By Marina Savchenko
Orange Magazine interviewed Susanne Dickel, one of the most experienced 360° journalists in Germany. She is one of the workshop trainers of the M100 Young European Journalists workshop. 25 young journalists from all over Europe could gain first-hand experience of an investigative journalism.
What is 360° journalism for you? Is it part of the investigative journalism or a new wave of journalism?
I think it is a new type of media, like video, radio, text. So you can use it for investigative journalism but as well for other genres as well. Right now, 360° videos work well in a documentary style or in travel journalism.
You are one of the most experienced 360° journalists in Germany. How have you decided to be 360° journalist and what is your motivation for it?
I started creating 360° videos last year in April. At first, it was just because I was interested in this new field and wanted to see what those videos can offer. It was more out of curiosity: What techniques do you need? How do you shoot? How do you tell stories? As my experience grew, the videos I produced got longer and I could start to really tell stories and not only carry it around during a demonstration. That was when I realized that it’s more than just a gimmick. Especially when you see the videos with really good glasses such as Samsung Gear VR. The videos give the user the impression of being there and it’s deeply emotional when you’re virtually in a refugee camp or travel with soldiers through Falluja as in the NYT video. You may reach a better understanding of what it means to be there, in this situation. At the same time, it is fascinating to work with a new media. There are no clear rules so far as no one really can tell what works and what doesn’t work. It’s like a playground for journalists and creators of video content and I am not sure whether I will have many more opportunities in life to cope with a challenge like this.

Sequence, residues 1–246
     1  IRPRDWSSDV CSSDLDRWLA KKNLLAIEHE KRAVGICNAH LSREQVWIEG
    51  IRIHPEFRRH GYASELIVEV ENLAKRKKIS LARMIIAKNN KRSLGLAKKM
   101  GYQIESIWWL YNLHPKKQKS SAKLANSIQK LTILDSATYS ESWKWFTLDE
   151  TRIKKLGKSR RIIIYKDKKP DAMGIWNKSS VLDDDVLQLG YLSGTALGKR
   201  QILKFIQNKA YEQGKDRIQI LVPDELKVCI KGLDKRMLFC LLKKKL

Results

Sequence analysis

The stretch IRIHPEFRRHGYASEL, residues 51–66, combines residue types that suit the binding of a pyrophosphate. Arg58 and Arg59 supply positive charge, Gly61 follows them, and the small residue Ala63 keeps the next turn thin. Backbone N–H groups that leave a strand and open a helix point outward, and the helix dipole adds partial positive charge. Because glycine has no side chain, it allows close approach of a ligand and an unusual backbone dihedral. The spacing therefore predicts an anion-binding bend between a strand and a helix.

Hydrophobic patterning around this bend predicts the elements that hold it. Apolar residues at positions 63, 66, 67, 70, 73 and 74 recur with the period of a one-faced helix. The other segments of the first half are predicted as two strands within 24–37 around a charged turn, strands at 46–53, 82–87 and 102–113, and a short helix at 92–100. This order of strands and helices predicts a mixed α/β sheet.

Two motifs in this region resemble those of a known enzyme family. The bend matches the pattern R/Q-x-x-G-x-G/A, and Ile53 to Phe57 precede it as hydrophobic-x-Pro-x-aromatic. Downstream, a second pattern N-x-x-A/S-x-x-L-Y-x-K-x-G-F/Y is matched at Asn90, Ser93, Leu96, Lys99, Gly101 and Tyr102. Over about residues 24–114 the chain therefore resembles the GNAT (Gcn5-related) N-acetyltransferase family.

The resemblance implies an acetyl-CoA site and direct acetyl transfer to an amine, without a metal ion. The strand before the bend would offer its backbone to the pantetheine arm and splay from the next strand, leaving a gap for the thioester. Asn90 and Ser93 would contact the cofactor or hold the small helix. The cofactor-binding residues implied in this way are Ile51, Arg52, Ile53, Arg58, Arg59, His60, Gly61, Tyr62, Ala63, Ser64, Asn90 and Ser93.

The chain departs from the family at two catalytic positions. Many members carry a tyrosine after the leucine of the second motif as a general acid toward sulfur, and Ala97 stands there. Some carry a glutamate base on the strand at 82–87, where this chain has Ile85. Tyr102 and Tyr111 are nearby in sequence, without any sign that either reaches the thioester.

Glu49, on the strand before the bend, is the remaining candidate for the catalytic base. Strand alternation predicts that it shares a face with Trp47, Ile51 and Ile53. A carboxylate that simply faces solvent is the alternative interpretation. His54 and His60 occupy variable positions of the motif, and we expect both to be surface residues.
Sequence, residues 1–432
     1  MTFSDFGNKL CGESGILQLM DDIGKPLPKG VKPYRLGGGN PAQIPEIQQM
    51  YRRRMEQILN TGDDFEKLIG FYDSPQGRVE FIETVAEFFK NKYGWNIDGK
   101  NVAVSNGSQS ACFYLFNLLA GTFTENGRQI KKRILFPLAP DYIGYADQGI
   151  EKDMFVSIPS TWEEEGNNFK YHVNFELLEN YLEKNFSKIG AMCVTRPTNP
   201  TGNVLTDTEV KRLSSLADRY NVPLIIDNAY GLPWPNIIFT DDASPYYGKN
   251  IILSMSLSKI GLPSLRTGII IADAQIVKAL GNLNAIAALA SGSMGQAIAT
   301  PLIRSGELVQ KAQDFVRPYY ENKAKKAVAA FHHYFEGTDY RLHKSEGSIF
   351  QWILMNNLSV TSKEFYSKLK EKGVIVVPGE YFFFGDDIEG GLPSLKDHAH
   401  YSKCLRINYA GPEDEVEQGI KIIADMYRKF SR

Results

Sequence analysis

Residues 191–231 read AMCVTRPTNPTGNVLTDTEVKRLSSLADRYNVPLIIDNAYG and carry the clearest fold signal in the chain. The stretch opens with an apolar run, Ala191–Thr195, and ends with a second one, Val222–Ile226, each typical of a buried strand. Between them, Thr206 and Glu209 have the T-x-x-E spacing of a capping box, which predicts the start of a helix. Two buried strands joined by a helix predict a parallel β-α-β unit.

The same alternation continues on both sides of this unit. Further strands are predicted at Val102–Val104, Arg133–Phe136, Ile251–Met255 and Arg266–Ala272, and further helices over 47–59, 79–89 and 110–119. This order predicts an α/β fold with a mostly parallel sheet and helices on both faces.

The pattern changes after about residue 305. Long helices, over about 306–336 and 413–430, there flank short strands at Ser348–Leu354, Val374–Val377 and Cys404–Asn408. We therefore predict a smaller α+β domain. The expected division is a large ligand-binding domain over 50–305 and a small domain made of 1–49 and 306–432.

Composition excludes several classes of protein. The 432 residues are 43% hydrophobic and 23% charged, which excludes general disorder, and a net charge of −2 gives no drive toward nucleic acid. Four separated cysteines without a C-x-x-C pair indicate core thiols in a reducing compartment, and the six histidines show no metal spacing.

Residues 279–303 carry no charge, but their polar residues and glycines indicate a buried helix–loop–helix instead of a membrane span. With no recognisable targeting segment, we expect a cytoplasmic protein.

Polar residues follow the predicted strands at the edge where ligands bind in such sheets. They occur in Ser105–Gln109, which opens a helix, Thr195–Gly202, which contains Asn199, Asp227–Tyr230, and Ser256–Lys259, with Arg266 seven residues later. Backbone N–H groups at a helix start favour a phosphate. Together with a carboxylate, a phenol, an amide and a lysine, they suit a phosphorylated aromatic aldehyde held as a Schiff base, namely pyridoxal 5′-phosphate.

What is the most favorite project in 360° videos you worked on?
Definitly, this one: https://www.youtube.com/w
What is the connection between 360-degree filming and virtual reality (VR)?
Some people argue about what is “real” VR. Some draw the line between 360° video and CGI created environment, others only want to call 3D content – no matter if it is 3D CGI or a stereoscopic 360° video – virtual reality. Of course, the virtually created environment with which you can interact may be even more interesting, especially for people that like gaming anyway. But apart from Robinson: The journey (a VR game from Crytek) I am not really convinced by the image quality of those VR experiences. Mostly they look a bit shabby compared to usual games such as The Witcher, Assassin’s Creed or GTA. Even more simple ones like League of Legends usually look better than VR experiences. So I prefer good looking 360° videos with a good story – but I think it’ll develop more into the direction of virtual reality. So I suppose in the future you’ll probably create really good looking VR experiences or combine 360° video and CGI.
What do you think about the future of immersive journalism and 360-degree filming?
I am pretty sure that this kind of journalism will be a normal possibility to tell a story in the future – just like visualizations in data journalism or classic 2D videos or radio. I am looking forward to all the new tools (software and hardware) that are being developed. There’s really a lot going on and that is great to see.
About Susanne Dickel: Susanne Dickel is one of the most experienced 360° journalists in Germany. She created about 40 non fiction 360° videos in 4K quality for Axel Springer’s media brand “Die Welt”. Since June 2016, she works for Zett, a German online media for young people from the big news publisher Zeit Verlag. Her task is to build up the production of 360° content within the team. Susanne loves to try new techniques for Storytelling. She showed that you can cover news events with a 360° camera as well, e. g. the visit of Barack Obama in Hannover, the minute of silence after the Brussel’s Attacks or demonstrations during the G7 summit in Germany. After a few months, Susanne Dickel started to tell bigger stories in 360° videos and travelled to Serbia, Croatia, Greece and France to cover the situation of the refugees. For one of those videos, she received a nomination for the German Web Video Awards which is the most important prize in the field of German online video. Susanne Dickel was awarded by German „Medium Magazin“ as „Top 30 under 30“ in 2015 – a list of young influencers – because of her work with 360° Video.